About two weeks ago, Congress, at the request of U.S. Rep. Doug Collins, approved the formation of a special caucus to study the U.S. Army Corps of Engineers and its management of reservoirs such as Lake Lanier.
Last week, the water level on Lanier reached full winter pool for the first time this year, having risen more than 13 feet since the middle of December.
Almost certainly so, but the timing of the two events couldn’t have been better as attention was focused to the ever fluctuating water levels of the lake at the same time Rep. Collins was discussing the need for better management of the reservoir.
We expect the level of Lanier will continue to rise and fall in tune to the state’s typically cyclical weather patterns, but the news that an effort is under way to review the operations of the Corps of Engineers with the possibility of major reforms is certainly welcomed.
The group to be put together by Georgia’s 9th District congressman certainly will look at more than just the shoreline of Lake Lanier as it studies the corps management of water resources across the nation. But any successful effort to make the corps more efficient and more responsive is sure to have a positive impact on the lake which is so important to the Atlanta area and all of North Georgia.
To be fair, the corps is in a difficult spot itself in deciding how best to manage Lake Lanier, shackled by operational plans and use strategies that have remained in place decades after having become obsolete. Just going by the book doesn’t work when the book is so old as to be useless.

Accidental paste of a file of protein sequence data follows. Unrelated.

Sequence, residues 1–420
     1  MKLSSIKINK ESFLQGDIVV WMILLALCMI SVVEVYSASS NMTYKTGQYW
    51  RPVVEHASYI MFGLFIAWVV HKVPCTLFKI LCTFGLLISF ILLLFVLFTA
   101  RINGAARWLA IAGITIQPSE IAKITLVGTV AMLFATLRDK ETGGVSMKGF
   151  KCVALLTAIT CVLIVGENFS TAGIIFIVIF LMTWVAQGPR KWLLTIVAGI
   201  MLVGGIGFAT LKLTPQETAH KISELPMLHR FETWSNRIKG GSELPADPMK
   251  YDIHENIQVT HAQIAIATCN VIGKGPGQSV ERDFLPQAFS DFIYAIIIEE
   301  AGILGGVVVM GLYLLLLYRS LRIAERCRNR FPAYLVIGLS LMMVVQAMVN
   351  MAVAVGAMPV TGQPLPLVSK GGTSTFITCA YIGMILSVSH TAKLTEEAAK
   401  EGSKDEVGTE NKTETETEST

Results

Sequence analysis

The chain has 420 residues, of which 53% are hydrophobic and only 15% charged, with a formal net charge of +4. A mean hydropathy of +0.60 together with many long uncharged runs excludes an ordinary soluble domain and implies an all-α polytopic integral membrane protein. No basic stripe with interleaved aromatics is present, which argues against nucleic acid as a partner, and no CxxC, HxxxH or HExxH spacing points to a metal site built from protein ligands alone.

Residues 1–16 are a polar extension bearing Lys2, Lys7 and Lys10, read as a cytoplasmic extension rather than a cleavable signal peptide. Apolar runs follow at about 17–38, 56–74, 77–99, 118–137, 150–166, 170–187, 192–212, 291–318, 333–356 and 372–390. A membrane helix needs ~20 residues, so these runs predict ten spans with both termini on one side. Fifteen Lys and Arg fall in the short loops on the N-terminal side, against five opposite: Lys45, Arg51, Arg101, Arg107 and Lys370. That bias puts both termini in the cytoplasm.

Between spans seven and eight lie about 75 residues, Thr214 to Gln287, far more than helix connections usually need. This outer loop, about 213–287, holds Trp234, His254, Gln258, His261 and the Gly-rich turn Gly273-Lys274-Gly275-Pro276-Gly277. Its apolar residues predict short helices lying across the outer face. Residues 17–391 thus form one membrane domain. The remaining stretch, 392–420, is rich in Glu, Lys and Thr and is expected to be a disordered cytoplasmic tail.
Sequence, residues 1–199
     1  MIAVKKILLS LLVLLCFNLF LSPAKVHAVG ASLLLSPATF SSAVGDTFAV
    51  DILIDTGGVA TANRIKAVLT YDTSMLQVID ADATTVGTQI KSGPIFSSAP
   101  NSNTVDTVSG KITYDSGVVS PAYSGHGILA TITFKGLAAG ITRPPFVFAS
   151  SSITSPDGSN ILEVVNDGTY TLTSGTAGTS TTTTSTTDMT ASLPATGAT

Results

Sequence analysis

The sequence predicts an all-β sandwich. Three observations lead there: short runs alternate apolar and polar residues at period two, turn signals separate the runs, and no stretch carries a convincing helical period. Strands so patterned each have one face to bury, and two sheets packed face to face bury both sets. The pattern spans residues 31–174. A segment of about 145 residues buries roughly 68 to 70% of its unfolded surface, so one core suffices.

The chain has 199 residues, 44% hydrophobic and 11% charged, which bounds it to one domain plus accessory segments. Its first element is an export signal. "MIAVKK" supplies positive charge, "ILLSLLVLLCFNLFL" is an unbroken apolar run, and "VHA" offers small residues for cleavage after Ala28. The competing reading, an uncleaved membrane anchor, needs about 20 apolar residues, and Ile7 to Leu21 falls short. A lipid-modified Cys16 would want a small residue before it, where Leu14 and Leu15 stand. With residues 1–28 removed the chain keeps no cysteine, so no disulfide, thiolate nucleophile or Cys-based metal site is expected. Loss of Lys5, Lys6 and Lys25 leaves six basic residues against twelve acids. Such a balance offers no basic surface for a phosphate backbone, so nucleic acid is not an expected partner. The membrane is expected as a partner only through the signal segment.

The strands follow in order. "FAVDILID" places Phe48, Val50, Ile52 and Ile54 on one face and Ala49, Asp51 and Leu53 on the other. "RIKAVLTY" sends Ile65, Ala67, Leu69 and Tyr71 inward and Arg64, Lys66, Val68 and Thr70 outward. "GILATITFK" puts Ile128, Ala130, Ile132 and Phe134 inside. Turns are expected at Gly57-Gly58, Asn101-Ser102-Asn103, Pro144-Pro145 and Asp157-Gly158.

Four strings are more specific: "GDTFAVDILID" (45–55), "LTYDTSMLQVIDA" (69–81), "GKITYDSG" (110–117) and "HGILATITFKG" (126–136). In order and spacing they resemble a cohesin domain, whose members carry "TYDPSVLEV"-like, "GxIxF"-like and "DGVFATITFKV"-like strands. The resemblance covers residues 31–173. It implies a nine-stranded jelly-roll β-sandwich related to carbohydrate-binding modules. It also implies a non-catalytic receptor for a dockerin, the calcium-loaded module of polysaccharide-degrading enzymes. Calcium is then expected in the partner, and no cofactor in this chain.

Collins described the corps as “high-spending, low-transparency” and addressed the need to make the corps more responsive. He also noted that the corps is constantly undertaking new projects, when existing projects have not yet been completed, leading to a construction backlog of $60 billion.
A native of Hall County whose congressional district includes northern Forsyth, Collins has plenty of experience watching the shoreline of Lake Lanier come and go, and listening to complaints about how the reservoir’s water is managed. It remains to be seen whether a reform caucus can bring true change to the corps, which is part of a federal government monolith that always prefers the status quo to intelligent reformation.
Only time will tell whether the freshman congressman can amass the political clout needed to make a real difference in how the corps operates. In the meantime, we can rejoice in the fact that a rainy winter has again returned the lake to capacity, and optimistically hope for a summer’s full pool, proving once again that Mother Nature can do what Washington cannot.